A “Natural” Approach to Engineered Materials
As part of Machine Design’s 90th anniversary issue in January, we’ve asked industry experts to take a look at the present and future of technology and how it will impact the design and operation of manufacturing over the next decade.
Q: What strategies are emerging to help design engineers address problems?
Prof. Markus J. Buehler: Modeling is playing an increasing role, especially looking at multiple scales. I work in materials science and designing materials from the atomic level up is becoming a reality. Many advances are now driven by data methods, such as AI and ML (machine learning), which are playing an increasing role.
An interesting feature that many materials designers are now exploring is VR (virtual reality). Optimization enabled by AI, exploration and human interaction with VR, and manufacturing new products using 3D printing and other smart production techniques is increasingly relevant.
We would like to see products more like living machines that interact with, and respond to, the users (humans). Imagine a metal that can be more flexible on demand, or if a user desires it? Can you imagine multifunctional materials that repair themselves or suggest configurations just like apps or websites do? The material world today is largely static and passive, but we see exciting opportunities to change that.
Q: What keeps us from realizing these goals?
Buehler: We still need to be able to better capture multiple design objectives—not only the function of a material but also its energy/carbon footprint, recyclability, and other aspects. We also need new methods to more intuitively visualize and capture hierarchical multiscale design.
I already discussed AI above. Materials are becoming increasingly connected—to measure its state (e.g., whether it is cracked) and also to make materials “smart” so that they can sense damage, repair, and reconfigure themselves to create multiple properties on demand.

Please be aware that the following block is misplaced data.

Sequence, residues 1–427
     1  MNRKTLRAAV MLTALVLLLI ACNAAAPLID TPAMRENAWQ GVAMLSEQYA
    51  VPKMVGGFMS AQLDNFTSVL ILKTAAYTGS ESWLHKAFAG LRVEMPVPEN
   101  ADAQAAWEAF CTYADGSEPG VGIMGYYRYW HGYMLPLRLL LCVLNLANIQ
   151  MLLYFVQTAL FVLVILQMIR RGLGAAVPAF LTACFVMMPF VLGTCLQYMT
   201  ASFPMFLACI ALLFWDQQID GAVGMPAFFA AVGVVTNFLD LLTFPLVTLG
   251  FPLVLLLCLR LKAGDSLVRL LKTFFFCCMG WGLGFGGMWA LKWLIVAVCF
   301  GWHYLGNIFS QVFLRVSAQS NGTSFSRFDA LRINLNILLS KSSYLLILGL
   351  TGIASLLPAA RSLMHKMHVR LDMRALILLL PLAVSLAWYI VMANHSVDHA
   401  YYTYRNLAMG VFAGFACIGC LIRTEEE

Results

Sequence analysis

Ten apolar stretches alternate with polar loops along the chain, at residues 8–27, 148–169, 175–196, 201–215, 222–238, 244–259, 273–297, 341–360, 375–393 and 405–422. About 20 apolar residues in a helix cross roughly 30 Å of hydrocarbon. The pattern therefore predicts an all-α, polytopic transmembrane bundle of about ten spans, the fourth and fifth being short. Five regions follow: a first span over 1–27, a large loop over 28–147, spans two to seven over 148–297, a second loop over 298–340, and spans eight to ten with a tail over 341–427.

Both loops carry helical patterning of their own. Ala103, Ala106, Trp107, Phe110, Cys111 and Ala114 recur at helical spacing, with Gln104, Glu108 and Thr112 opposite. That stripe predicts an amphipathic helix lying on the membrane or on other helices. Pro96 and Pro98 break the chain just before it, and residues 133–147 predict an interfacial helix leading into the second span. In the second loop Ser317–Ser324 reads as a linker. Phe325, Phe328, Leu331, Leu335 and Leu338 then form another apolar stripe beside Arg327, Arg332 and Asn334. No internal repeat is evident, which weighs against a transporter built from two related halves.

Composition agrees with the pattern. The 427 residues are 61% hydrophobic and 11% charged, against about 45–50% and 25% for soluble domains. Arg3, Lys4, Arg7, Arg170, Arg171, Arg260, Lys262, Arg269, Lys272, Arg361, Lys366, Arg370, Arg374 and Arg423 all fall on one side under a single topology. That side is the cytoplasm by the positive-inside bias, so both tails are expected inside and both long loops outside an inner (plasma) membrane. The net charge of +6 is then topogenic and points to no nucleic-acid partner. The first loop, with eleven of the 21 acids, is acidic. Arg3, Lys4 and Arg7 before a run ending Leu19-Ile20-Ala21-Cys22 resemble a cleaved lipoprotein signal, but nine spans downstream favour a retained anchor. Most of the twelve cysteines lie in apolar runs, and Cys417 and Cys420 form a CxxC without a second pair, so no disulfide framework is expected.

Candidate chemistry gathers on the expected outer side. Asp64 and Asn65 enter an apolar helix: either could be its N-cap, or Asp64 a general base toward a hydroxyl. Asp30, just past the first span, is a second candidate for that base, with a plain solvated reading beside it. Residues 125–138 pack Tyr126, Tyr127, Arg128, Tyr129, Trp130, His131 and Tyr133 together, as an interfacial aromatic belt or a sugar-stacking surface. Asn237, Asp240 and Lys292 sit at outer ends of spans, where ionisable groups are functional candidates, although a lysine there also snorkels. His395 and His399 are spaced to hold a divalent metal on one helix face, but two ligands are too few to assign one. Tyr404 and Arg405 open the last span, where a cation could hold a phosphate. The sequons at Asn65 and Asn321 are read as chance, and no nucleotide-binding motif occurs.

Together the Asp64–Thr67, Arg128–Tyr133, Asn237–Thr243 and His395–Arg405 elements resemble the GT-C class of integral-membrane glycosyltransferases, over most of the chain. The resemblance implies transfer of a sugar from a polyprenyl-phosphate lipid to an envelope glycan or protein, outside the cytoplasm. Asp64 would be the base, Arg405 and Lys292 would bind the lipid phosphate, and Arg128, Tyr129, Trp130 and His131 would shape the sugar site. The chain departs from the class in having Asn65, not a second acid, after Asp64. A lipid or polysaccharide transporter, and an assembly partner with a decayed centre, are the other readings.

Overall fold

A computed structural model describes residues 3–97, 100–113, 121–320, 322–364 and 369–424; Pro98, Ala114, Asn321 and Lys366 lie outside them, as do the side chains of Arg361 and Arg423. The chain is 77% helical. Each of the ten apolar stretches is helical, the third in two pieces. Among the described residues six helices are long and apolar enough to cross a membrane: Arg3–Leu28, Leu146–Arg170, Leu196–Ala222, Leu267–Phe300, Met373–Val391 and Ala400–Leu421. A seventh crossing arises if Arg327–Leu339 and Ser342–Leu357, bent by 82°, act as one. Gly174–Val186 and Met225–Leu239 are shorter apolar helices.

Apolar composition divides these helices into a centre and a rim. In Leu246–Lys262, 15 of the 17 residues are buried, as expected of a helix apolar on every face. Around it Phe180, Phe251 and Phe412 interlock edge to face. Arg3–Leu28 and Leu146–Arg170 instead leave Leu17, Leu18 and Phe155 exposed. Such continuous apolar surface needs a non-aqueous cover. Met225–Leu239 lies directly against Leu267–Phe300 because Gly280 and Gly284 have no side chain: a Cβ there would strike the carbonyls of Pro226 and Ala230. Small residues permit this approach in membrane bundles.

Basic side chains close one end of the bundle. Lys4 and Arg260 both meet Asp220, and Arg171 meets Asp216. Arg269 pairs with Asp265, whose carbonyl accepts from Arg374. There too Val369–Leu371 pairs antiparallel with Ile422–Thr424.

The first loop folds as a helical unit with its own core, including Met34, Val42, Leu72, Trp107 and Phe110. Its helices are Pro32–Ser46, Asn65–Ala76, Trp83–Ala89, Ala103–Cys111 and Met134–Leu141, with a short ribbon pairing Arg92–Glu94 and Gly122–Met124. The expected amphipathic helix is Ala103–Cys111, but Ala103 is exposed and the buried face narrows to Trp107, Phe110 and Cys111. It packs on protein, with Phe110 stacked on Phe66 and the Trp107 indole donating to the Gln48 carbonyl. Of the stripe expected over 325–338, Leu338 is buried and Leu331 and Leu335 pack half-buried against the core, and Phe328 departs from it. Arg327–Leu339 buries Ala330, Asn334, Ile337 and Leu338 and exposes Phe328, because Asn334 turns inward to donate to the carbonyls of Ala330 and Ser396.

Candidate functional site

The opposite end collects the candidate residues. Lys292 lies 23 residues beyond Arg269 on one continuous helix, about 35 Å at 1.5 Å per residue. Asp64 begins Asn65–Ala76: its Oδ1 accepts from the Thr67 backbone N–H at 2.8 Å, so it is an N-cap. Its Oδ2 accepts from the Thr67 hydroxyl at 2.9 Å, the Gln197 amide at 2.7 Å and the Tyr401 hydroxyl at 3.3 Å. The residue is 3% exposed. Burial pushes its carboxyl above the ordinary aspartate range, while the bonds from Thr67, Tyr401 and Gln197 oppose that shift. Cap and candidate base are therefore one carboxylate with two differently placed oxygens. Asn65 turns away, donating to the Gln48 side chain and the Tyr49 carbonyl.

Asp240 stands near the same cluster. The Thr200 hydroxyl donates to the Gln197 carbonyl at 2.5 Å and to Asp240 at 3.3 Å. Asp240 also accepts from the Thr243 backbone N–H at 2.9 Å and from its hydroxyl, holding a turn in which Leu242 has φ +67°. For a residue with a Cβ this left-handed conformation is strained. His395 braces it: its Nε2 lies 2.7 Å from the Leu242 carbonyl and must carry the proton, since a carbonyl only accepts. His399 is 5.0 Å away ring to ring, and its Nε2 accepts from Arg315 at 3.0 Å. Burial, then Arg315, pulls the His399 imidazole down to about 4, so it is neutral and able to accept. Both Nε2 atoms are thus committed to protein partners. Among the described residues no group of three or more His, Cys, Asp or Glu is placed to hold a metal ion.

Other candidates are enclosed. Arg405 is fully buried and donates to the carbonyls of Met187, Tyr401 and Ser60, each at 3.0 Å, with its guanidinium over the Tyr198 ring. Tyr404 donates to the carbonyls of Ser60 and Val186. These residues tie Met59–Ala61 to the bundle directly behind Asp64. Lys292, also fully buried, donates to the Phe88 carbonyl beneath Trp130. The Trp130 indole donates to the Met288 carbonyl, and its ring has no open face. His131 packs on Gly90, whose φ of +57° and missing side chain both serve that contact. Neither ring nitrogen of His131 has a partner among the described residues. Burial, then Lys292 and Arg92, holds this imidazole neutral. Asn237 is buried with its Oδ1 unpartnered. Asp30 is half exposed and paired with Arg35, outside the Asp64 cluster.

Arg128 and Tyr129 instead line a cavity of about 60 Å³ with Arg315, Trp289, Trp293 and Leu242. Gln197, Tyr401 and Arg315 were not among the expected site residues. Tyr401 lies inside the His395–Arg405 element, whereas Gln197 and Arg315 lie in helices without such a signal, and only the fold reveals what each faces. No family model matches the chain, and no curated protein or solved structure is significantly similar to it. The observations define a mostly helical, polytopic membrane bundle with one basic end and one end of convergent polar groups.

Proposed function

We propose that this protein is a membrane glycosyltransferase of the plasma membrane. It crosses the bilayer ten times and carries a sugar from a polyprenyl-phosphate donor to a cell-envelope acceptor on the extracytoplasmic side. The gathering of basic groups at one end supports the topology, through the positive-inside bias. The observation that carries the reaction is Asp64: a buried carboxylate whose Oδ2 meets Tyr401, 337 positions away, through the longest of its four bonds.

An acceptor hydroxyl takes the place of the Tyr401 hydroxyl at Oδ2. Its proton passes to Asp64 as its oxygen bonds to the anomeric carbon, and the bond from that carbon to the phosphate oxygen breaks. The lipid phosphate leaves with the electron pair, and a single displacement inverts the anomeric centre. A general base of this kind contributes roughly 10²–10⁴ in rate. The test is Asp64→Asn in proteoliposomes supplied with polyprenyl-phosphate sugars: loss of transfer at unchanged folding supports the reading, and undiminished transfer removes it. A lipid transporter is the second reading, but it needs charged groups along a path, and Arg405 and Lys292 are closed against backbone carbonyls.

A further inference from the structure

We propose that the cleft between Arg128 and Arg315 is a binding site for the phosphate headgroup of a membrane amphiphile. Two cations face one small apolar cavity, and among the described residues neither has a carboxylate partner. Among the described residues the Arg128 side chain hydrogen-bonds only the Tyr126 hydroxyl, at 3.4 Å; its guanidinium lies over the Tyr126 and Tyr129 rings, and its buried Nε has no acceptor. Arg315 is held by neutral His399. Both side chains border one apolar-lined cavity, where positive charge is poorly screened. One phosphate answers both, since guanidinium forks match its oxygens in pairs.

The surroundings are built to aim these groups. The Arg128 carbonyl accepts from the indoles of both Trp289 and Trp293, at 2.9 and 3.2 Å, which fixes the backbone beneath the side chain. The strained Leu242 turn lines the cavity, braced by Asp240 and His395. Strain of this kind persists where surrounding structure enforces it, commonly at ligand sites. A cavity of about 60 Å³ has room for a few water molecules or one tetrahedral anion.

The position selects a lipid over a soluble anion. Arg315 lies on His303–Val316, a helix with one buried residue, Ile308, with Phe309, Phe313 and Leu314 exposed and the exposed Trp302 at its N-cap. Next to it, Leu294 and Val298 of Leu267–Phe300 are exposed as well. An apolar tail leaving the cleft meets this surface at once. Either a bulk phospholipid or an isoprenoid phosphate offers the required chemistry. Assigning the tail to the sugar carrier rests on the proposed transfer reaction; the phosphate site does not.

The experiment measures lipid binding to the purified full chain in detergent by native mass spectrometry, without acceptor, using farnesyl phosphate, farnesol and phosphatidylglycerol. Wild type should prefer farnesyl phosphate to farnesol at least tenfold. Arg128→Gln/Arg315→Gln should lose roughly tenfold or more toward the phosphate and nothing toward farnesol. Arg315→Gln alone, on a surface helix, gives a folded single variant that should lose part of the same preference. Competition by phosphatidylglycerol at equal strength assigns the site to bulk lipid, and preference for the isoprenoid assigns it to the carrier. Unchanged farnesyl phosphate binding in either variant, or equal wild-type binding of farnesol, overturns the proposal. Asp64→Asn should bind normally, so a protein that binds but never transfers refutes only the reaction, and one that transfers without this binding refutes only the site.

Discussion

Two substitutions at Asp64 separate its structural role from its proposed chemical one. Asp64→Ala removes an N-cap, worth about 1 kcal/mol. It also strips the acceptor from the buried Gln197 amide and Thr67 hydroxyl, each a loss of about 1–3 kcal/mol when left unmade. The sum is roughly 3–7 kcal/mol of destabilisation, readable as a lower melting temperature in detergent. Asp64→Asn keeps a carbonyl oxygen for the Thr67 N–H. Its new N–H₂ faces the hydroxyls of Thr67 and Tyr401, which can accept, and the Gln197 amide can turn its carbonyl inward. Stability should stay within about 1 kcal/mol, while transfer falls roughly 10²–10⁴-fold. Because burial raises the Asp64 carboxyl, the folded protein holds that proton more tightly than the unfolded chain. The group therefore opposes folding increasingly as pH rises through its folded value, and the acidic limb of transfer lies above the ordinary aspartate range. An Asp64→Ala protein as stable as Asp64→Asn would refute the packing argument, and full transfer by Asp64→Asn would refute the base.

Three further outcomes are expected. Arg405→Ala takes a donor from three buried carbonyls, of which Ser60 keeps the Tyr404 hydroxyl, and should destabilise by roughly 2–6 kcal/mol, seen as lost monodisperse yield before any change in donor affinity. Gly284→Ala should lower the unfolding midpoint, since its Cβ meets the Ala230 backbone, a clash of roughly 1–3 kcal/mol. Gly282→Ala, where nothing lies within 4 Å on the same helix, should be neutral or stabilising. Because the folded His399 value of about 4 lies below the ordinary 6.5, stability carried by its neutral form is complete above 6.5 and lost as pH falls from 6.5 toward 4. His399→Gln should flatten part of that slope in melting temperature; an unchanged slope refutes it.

Q: What’s the big challenge for the future? And what’s the opportunity that comes from that challenge?
Buehler: The materials design community is small, but the users are many, including everything we use in our daily lives from computers and phones to transportation like cars and planes and the roads we drive on. We need to find a better way to integrate the design process with what the end-user needs and how the needs can change. This will allow for a more integrated design approach.
Materials as machines is an exciting trend but designing materials can take decades. AI/ML and VR combined with smart manufacturing can speed it up, but we still have a long way to do. Making engineered materials more like nature—as living systems that operate as “machines”—is a worthy goal to explore that addresses many of the global challenges.
Markus J. Buehler is the McAfee Professor of Engineering at MIT. In his research, Buehler pursues new modeling, design, and manufacturing approaches for advanced biomaterials that offer greater resilience and a wide range of controllable properties from the nano- to the macroscale. His most recent book, Biomateriomics, presents a new paradigm for the analysis of bio-inspired materials and structures to devise new biomaterial platforms, and using a mathematical categorization approach that connects insights from disparate fields such as materials, structures to music and language. In addition to his regular teaching at MIT, he offers an annual professional education class, “Predictive Multiscale Materials Design”.